Statistics published today (Tuesday 29 May) by ISD Scotland reveal 66% of Health Boards as at 31 March this year were in breach of the national waiting time standard of less than 5% of patients waiting longer than six weeks for tests that could diagnose bowel cancer.
The waiting time breaches present a worrying picture and demonstrate the urgent need for an action plan to tackle the growing endoscopy crisis in Scotland.
The two key tests to diagnose bowel cancer are colonoscopy and flexible sigmoidoscopy. These tests are collectively known as endoscopy procedures. Waiting times are a vital part of the patient pathway – the sooner a patient is diagnosed the earlier they can start treatment or receive the ‘all clear’, which will reduce their anxiety.
As at 31 March 2018, 64% of Health Boards in Scotland were in breach of the national standard, with 3,986 patients waiting longer than six weeks for a colonoscopy.
As at 31 March 2018, 69% of Health Boards in Scotland were in breach of the national standard, with 1,192 patients waiting longer than six weeks for a flexi-sigmoidoscopy appointment.
In some Health Boards like NHS Lothian more than a half of patients (56%) are waiting more than six weeks for a colonoscopy appointment and one in seven patients (70%) are waiting more than six weeks for flexible sigmoidoscopy appointment, as at 31 March 2018.
Today’s waiting times are evidence that demand for endoscopy tests is outstripping capacity. Many hospitals are under severe pressure and at breaking point because they simply do not have the capacity to meet the growing demand. An ageing population and the recent roll out of the new bowel cancer screening test, which is more accurate than the previous test, combined with a lack of NHS leadership, funding, limited resources and shortage of staff to carry out the procedures has created a perfect storm that has led to this endoscopy crisis.
The action plan must include a full assessment of the projected increase in demand, how this demand will be met and appoint a national clinical lead for endoscopy to oversee implementation of this plan.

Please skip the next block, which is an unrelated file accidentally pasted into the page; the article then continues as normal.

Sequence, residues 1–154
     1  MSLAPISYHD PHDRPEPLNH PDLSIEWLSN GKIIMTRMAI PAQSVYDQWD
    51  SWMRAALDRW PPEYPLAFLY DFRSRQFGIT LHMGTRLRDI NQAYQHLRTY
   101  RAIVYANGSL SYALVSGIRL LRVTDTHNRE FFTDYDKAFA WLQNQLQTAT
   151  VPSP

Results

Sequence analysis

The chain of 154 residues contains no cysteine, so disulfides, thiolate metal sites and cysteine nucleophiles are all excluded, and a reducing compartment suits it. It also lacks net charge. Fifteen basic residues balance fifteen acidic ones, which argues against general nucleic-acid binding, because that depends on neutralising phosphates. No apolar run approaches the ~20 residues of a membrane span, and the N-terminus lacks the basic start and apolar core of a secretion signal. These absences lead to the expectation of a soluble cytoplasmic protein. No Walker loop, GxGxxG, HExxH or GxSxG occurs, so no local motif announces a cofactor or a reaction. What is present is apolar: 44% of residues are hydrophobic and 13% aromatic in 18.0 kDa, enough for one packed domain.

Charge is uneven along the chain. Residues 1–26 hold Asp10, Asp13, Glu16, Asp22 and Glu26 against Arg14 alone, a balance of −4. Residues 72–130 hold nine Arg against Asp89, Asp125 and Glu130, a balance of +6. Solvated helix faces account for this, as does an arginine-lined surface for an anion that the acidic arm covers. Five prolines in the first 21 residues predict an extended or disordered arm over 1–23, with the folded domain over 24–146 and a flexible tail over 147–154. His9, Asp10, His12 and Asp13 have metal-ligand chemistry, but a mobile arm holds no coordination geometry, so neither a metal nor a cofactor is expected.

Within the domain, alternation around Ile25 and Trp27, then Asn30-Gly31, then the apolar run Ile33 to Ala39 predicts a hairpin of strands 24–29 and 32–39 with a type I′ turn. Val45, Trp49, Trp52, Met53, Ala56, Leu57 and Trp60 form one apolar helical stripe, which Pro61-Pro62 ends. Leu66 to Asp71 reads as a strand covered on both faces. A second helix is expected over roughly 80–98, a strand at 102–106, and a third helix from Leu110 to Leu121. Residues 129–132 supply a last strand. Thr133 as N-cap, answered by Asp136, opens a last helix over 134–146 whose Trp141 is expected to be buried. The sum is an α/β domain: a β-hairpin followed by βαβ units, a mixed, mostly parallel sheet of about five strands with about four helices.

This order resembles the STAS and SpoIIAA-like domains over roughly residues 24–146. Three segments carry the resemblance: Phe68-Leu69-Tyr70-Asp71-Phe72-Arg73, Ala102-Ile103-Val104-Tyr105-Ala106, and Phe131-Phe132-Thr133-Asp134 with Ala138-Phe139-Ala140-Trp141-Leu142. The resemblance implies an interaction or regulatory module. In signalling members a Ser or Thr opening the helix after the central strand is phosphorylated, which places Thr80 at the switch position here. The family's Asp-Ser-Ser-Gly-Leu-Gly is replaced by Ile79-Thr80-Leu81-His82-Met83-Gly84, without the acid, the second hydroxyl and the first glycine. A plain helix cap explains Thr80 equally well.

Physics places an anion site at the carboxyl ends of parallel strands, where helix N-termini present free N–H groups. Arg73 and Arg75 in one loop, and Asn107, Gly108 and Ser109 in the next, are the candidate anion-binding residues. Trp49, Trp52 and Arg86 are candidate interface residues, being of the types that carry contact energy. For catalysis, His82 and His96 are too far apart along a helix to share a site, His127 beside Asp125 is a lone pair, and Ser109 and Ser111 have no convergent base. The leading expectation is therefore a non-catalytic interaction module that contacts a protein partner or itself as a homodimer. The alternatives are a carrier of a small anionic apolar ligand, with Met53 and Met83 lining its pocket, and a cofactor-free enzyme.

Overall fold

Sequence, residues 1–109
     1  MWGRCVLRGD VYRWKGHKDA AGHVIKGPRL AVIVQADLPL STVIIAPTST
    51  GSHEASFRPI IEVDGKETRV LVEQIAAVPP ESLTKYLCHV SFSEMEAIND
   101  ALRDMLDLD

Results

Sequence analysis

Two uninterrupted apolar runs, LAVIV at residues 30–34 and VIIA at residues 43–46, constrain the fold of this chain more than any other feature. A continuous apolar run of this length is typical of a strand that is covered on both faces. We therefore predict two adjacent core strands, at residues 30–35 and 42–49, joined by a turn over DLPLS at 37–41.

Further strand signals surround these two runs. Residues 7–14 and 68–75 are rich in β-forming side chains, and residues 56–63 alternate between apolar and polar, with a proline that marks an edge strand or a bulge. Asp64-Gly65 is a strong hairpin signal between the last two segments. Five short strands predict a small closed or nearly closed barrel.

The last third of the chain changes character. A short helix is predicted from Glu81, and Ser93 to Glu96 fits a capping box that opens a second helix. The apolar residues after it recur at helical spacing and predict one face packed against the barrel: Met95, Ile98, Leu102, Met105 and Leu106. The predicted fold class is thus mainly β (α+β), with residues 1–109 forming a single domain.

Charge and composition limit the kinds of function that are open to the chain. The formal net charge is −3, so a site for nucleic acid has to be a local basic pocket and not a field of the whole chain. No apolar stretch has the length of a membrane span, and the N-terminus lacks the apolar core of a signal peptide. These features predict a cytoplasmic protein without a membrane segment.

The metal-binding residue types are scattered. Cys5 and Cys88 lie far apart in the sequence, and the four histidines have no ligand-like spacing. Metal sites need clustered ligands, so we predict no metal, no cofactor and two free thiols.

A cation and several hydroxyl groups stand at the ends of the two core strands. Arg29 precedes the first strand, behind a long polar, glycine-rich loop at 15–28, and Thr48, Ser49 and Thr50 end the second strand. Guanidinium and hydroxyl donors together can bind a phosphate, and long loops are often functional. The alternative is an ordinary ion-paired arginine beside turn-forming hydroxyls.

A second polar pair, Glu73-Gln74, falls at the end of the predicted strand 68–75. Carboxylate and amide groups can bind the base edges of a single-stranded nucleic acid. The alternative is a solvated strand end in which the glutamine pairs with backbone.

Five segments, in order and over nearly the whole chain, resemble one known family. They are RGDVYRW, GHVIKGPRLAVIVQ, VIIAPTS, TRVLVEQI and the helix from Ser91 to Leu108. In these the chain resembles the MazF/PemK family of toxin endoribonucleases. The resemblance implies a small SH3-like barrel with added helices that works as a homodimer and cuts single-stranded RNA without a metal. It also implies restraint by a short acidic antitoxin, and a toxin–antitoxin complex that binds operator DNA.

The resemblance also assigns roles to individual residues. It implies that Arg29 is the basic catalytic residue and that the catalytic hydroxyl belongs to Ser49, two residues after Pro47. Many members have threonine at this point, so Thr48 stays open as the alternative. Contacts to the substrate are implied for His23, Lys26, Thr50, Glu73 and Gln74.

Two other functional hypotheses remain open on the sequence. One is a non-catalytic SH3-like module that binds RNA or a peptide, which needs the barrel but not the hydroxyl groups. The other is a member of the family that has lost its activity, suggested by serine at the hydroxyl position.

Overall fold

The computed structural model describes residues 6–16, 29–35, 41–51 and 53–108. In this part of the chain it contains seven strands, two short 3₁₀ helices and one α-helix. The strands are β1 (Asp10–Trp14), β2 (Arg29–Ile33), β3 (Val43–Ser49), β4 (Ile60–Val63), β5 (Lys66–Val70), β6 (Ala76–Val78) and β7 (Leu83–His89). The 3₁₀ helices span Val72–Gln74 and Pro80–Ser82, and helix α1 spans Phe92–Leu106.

The ‘2016 Scottish Cancer Strategy, Beating Cancer: Ambition and Action’ sets out a number of ambitions and recommendations to improve cancer services. This includes a pledge to increase the number of nurse endoscopists in training by 40% to be available for work by 2017 (an increase of four extra trained nurse endoscopists per year). However, the charity has found that only one additional nurse completed the training last year.
Claire Donaghy, Head of Scotland for Bowel Cancer UK and Beating Bowel Cancer, says: “Demand for these tests has been increasing, particularly since the introduction of the bowel cancer screening programme and recent roll out of the new and more accurate, faecal immunochemical test. How this growing demand will be met is a serious challenge for the health service in Scotland. It’s crucial that health boards have the endoscopy capacity needed to meet demand and ensure patients are not waiting longer than the six week waiting time standard for key tests that can diagnose bowel cancer.
“With the cancer strategy failing to deliver, the Scottish Government must commit to develop a plan of action to tackle the growing endoscopy crisis in Scotland. If ignored, services will continue to struggle to provide timely, high quality care to all and lives will be needlessly lost.”